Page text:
If you have a person in your life who has a disability, your plans for the future must include making sure your loved one is cared for. Unfortunately, many people make mistakes when they make a well-meaning attempt to provide for a loved one with special needs. The actions that you take could impact a disabled person’s access to important benefits, so it is vitally important that you work with a special needs planning lawyer if you have a loved one in your life with a disabling condition.
Anderson, Dorn & Rader, Ltd. can provide comprehensive assistance with special needs planning. Our legal team helps parents with special needs children and other friends and relatives of individuals with disabilities. Give us a call at 775-823-9455 to talk with a Reno special needs planning lawyer about the services we can provide to you and to get answers to questions you have about special needs planning including:
Why is Special Needs Planning Important?
Special needs planning is important to ensure that you can help a relative or friend with a disability to have the highest possible quality of life. For parents of a disabled child, this can mean making sure that a child is cared for and has a loving place to live after parents are no longer alive to provide a home. For parents, relatives, and friends, it can mean providing a financial gift to someone with a disability so that person can have a better standard of living.
Because people with disabilities often rely heavily on government programs such as Supplemental Security Income to provide income or Medicaid to pay for costs of care, you cannot just give a financial gift to a person with special needs. If you make a gift during your lifetime or leave money in your will to a disabled person, you could cause a loss of access to means-tested benefits. Both SSI and Medicaid limit the amount of resources a person can have and still qualify for coverage, and the loss of these benefits could be devastating to someone with a disability.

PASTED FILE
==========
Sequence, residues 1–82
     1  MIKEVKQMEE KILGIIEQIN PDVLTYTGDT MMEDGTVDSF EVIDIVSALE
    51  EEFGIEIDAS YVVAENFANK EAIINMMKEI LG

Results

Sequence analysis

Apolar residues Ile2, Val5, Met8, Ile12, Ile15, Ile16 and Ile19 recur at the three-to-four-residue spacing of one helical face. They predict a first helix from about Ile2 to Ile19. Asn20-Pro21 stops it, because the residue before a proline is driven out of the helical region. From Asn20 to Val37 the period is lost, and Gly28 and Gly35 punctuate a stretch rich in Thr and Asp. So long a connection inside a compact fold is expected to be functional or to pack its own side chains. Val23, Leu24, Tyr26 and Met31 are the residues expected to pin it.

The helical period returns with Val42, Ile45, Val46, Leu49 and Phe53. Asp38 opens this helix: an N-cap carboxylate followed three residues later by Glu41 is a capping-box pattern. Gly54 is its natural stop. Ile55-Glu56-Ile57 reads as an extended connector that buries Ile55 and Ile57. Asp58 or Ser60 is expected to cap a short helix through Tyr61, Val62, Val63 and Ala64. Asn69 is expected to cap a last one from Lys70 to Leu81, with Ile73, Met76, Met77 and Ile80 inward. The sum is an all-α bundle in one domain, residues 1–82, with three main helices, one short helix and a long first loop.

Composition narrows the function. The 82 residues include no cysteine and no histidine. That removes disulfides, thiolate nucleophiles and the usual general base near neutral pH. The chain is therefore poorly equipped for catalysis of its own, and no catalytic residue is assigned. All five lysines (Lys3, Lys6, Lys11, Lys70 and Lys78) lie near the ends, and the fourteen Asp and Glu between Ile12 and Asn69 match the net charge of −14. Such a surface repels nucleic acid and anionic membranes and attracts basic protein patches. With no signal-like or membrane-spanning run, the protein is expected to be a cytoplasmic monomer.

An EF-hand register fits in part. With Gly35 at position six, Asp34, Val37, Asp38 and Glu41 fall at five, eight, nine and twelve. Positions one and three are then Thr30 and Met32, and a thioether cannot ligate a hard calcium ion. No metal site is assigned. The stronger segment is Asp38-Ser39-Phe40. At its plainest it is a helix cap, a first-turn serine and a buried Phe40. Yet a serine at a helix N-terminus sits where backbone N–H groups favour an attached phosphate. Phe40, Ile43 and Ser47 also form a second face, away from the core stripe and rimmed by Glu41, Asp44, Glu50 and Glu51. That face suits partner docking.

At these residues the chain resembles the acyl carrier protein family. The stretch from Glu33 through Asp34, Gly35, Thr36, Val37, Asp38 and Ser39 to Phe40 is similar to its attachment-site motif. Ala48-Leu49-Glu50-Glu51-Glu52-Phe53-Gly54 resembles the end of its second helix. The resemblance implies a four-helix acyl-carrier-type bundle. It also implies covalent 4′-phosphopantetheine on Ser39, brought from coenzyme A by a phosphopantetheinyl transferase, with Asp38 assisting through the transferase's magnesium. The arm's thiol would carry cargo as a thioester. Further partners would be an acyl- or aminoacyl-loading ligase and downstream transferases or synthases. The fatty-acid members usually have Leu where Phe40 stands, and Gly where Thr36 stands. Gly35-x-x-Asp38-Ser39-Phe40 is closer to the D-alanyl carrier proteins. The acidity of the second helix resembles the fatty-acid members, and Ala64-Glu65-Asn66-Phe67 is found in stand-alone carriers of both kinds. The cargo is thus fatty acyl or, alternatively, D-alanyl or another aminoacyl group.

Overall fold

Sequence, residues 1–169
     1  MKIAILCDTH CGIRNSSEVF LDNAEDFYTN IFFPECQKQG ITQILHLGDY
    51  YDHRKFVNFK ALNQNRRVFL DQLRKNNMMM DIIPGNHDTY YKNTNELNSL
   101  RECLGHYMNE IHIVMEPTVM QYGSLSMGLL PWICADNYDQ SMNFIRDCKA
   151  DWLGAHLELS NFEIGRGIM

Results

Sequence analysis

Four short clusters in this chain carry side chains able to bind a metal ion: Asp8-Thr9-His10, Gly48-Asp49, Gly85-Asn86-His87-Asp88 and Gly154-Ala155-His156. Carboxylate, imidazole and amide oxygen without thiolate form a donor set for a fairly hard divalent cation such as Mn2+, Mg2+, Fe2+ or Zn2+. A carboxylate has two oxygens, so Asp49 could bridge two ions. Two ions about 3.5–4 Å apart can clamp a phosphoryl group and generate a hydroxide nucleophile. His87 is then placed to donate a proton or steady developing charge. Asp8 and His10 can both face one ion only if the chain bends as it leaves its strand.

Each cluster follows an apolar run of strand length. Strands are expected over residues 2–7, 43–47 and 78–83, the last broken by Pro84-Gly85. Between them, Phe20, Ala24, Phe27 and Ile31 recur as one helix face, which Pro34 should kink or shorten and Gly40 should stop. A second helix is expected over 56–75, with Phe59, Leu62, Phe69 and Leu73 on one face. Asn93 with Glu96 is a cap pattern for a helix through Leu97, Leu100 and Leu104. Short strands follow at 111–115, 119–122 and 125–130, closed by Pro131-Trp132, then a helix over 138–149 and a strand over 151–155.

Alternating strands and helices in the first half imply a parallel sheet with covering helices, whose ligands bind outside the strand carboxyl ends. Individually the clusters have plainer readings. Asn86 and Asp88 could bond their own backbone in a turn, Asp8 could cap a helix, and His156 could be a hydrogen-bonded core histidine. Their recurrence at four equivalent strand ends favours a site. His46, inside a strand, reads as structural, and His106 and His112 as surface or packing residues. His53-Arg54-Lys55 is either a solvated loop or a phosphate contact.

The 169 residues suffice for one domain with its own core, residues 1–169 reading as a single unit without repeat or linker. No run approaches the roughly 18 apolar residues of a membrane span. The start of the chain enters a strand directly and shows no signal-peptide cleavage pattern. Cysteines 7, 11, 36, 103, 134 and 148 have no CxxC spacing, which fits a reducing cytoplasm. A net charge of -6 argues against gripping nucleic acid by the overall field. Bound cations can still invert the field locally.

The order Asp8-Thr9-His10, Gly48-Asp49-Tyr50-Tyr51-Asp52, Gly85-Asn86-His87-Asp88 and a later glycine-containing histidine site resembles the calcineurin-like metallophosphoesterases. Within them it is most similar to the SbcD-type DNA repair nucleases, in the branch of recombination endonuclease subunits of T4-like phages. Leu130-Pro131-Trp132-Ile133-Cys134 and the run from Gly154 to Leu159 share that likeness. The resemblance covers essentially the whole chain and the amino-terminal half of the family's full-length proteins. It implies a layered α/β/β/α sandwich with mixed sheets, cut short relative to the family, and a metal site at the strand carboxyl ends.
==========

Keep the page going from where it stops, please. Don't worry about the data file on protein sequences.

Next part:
There are ways you can ensure that a gift does not result in a loss of benefits, and there are steps you can take to ensure your disabled child, relative, or friend is provided for after you are gone. Anderson, Dorn & Rader, Ltd. can help you to explore the legal tools you need to use to make a smart special needs plan.
What is Involved in Special Needs Planning?
In most cases, special needs planning involves the creation of a specific type of trust. A special needs trust is designed to allow a disabled person to receive a financial gift to enhance quality of life, without causing a loss of benefits.
Anderson, Dorn & Rader, Ltd. can help you to create and fund this trust, which can be used to provide for extras that Medicaid, Supplemental Security Income, and other government programs will not cover. We also provide assistance to trustees who have been placed in charge of managing a special needs trust and who want to make sure they comply with the rules so they don’t put benefits in jeopardy.
Our Reno special needs planning lawyers can also provide help to parents in making arrangements for a disabled child to have a safe living situation and a loving guardian after the parents pass away.
Whatever your goals are for the person in your life who has special needs, we can help you to identify the types of legal tools that can allow you to achieve those plans.
How can a Special Needs Planning Lawyer Help You?
Ensuring that a disabled loved one is cared for and has the highest possible quality of life is a noble goal. You do not want your efforts to improve life for someone with special needs to actually cause a loss of benefits or other problems. You need to make sure your gifts you give and efforts you make to help have a beneficial impact now and in the future. Anderson, Dorn & Rader, Ltd. can help you.